The Hounds of the Morrigan," by Pat O'Shea. It's quite a wonderful children's fantasy based on Celtic mythology and has two very likable protagonists, 10 year-old Pidge and his 5 year-old sister Brigit. In this scene, the children, who are being pursued by the hounds belonging to the Morrigan, the Goddess of Battle and Destruction, meet the friendly spider Mawleogs who aids them in their journey to find the blood-stained pebble that is needed to stop the evil queen from regaining her full powers.
I originally envisioned depicting this scene from behind the children, looking over their shoulders so that the viewer could get a good look at Mawleogs. But with this layout, the spider would need to be further back in the scene and he would end up being so small, that most of his facial detail would be lost and therefore the scene would lose some of its impact. I did do a sketch of it though, which you can see below. Below it, is a close-up sketch of the spider, Mawleogs. He is described in the story as wearing a shirt with a ruffled neck and cuffs, black knee britches, knitted stockings, buckled hornpipe shoes, and a little hard hat.
In this part of the story, which takes place in Ireland, the children have crossed over into Tír-na-nÓg (the otherworld or Fairy land) so I'm guessing that the hard hat that Mawleogs was wearing might not be what we think of as a hard hat. Considering that he's described as a gentleman, I pictured the hat more like the type that you might see a leprechaun wearing. I had to dig for some reference to find out what a hornpipe shoe was.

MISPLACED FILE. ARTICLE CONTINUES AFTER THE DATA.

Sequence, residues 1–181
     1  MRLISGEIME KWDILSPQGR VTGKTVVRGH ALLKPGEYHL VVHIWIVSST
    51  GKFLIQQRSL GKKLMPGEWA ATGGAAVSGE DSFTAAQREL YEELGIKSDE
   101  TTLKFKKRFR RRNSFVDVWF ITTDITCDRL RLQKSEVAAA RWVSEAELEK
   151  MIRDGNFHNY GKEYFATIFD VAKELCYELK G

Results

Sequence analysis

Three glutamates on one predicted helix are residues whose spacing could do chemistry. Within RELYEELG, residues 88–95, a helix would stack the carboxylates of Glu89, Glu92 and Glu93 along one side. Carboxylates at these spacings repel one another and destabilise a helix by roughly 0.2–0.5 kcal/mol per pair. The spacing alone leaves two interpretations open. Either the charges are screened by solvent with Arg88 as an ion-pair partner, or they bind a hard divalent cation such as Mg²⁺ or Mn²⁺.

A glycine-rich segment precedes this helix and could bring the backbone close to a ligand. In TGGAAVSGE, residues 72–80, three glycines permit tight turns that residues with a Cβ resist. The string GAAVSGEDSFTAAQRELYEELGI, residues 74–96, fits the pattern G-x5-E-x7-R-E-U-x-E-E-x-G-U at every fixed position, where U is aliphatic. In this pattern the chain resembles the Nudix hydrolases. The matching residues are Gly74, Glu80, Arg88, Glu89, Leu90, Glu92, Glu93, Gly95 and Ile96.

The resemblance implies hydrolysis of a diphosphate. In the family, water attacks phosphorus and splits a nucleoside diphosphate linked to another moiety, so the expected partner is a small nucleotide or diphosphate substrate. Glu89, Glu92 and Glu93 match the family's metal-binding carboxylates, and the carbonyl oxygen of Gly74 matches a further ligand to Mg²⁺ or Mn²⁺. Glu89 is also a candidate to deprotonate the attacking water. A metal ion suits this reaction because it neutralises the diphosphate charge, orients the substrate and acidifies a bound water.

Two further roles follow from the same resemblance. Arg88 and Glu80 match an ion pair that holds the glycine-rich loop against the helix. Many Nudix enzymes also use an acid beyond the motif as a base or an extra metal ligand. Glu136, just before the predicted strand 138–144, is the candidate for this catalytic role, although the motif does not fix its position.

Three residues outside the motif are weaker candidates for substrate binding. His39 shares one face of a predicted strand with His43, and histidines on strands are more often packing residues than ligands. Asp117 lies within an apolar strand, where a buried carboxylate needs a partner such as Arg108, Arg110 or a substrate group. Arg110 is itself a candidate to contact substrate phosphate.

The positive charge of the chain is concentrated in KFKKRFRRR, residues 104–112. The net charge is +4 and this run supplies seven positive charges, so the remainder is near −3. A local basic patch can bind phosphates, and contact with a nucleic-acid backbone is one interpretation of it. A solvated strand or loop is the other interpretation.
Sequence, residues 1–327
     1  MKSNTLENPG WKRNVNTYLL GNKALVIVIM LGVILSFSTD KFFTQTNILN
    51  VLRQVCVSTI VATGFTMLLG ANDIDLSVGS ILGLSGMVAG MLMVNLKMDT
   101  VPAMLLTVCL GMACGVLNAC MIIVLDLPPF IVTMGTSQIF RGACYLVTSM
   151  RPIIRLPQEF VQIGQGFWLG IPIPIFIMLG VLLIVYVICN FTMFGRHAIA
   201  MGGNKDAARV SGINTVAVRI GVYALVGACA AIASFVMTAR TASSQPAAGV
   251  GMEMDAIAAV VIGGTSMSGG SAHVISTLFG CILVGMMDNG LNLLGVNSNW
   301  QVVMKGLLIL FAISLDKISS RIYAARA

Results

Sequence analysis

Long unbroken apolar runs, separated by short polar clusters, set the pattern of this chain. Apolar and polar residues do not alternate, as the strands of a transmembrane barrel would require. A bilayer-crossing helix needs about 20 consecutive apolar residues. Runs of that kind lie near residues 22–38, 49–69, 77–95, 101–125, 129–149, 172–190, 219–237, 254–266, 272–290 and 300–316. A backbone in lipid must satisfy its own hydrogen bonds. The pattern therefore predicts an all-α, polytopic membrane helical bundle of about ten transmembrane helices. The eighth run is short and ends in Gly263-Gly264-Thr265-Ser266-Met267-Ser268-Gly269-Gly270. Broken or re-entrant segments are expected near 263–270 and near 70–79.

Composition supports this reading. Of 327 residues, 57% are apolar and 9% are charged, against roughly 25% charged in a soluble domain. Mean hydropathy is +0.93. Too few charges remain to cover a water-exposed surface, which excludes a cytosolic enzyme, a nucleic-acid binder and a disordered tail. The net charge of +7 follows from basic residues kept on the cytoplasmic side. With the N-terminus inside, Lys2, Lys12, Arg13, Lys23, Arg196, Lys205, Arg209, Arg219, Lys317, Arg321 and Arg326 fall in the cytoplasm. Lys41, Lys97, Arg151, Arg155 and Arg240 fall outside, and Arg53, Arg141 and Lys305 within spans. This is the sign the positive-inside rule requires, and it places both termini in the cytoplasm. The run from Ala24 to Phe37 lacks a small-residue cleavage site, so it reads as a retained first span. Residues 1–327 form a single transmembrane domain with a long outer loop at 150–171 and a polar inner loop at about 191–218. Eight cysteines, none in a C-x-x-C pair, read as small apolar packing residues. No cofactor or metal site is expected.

After I decided to show the children from the front, and Mawleogs from the back, I came up with this sketch. After spending quite a bit of time working on this composition, I still wasn't happy with it. The children looked too stiff and I felt the layout lacked interest. It was too straight-forward and it was not matching the vision I had in my head of how I wanted this to look.
So, I revamped it one more time. This time I decided to tilt the scene a bit and show it from slightly above, as if you were up in the tree with Mawleogs, looking down on the children.
To help me in the perspective and the shading of the scene, I set up two figures in Poser, which you can see to the right. As far as using Poser, I only know the basics. I don't use it as often as I use to, but it still comes in handy once in a while to help with a tricky perspective. Below, is the final pencil sketch that I worked from, based on this new viewpoint. I feel this layout works much better and gives the scene some dynamic visual interest and movement.
One of my favorite children's book illustrators is Erik Blegvad (who I've written about before in this blog) who has illustrated many wonderful books using pen and ink. While drawing the children in my illustration and doing the cross-hatching, I constantly referred to some of his illustrations, in particular some that he did for the Mary Norton book "Bed-knob and Broomstick."